If procs.Length = 1 Then
                ' the previously running instance will be at either index 0 or 1
                Dim index As Integer
                If CInt(procs(0).MainWindowHandle) <> 0 Then
                    index = 0
                Else
                    index = 1
                End If

                SetForegroundWindow(procs(index).MainWindowHandle)

                ShowWindow(procs(index).MainWindowHandle, 8) '8=SW_SHOWNA
            End If
        Catch ex As Exception

        End Try

    End Sub

    Public Shared Sub Close()
        Try
            If f.Count > 0 Then
                f.Last.TIMERON = False
                f.RemoveAt(f.Count - 1)
            End If
        Catch ex As Exception

        End Try


    End Sub

    Private Shared Sub showForm(ByVal message As String)
        Try
            If message IsNot Nothing AndAlso f.Count > 0 Then
                f.Last.ShowDialog(message)
            End If
        Catch ex As Exception

        End Try

    End Sub
End Class

Here is the progress form:

Imports System.Windows.Forms

Public Class frmProcess
    Inherits System.Windows.Forms.Form
    Public MESSAGE As String
    Public TIMERON As Boolean = False

    Private Sub frmProcess_FormClosing(ByVal sender As Object, _
            ByVal e As System.Windows.Forms.FormClosingEventArgs) _
            Handles Me.FormClosing
        Me.Timer1.Enabled = False
    End Sub
    Public Sub CloseIt()
        Me.Close()
        Me.Dispose()
    End Sub
    Public Overloads Sub ShowDialog(ByVal Mensaje As String)
        CheckForIllegalCrossThreadCalls = False
        Try
            TIMERON = True
            Me.Timer1.Enabled = True
            MESSAGE = Mensaje
            Me.lblMensaje.Text = Mensaje
            Me.ShowDialog()
        Catch
        End Try
    End Sub

    Public Sub stopForm()
        TIMERON = False
    End Sub

    Private Sub frmProcess_Load(ByVal sender As System.Object, _
                ByVal e As System.EventArgs) Handles MyBase.Load

    End Sub

    Private Sub Timer1_Tick(ByVal sender As System.Object, _
            ByVal e As System.EventArgs) Handles Timer1.Tick
        Try
            If TIMERON = False Then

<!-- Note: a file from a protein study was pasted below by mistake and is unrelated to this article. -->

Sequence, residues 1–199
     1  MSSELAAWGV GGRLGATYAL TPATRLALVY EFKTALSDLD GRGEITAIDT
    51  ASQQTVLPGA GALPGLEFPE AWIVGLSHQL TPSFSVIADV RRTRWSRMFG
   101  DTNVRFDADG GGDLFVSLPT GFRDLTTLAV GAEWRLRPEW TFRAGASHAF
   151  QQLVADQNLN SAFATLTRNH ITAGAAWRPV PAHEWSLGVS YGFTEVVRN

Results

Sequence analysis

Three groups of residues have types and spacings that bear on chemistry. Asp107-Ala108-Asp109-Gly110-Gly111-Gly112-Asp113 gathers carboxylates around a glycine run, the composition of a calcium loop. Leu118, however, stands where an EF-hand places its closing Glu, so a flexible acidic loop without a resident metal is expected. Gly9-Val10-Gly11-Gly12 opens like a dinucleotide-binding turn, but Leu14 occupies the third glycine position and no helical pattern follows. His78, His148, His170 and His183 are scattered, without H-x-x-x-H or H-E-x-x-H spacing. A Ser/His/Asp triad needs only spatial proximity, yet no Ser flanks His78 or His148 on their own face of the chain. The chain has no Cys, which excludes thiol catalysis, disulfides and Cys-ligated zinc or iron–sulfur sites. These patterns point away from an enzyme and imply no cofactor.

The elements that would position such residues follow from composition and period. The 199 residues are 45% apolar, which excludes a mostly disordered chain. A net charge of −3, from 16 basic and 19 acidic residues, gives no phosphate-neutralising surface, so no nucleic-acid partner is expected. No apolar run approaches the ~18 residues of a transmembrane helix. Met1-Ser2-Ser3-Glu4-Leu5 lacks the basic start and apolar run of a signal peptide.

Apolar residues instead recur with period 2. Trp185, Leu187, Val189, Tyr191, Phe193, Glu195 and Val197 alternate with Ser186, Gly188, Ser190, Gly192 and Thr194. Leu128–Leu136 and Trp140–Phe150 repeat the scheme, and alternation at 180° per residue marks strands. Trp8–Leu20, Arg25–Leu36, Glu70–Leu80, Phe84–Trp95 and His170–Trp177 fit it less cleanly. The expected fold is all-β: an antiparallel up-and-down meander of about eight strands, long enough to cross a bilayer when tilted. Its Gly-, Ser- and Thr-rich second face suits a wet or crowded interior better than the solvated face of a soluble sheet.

Me.Close()
                Me.Timer1.Enabled = False
                Me.Dispose()
            Else
                Me.lblMensaje.Text = MESSAGE
            End If
        Catch ex As Exception

        End Try


    End Sub
End Class

Points of interest

This is not perfect, but it saved me a lot of time and works for almost every case in my apps. If the function where you need the progress bar is very complex (user inputs, external apps, multiple simultaneous progress bars), another approach might be better, but this probably will work.

License

This article, along with any associated source code and files, is licensed under The Code Project Open License (CPOL)

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About the Author

andreslassalle
Software Developer (Senior)
United States United States
No Biography provided

Comments and Discussions

 
Generalgreat work Pinmembersunny_0071-May-14 2:05 
QuestionFlexible for my application... PinmemberSahayapraveen1-Apr-14 0:00 
QuestionGood control PinmemberAlexiAnna15-Sep-12 21:20 
QuestionNice job Pinmemberthavaraj20-Apr-11 2:37 
GeneralThanks but Pinmemberscosta_FST30-Mar-11 3:39 
GeneralRe: Thanks but Pinmemberandreslassalle1-Apr-11 7:19 
GeneralGreat Job! PinmemberCebocadence29-Mar-11 7:29 
QuestionWhat about the ProgressBar.Style.Marquee? PinmemberOlivier Levrey28-Mar-11 23:39 
AnswerRe: What about the ProgressBar.Style.Marquee? Pinmemberandreslassalle1-Apr-11 7:21 
GeneralRe: What about the ProgressBar.Style.Marquee? PinmemberOlivier Levrey3-Apr-11 4:27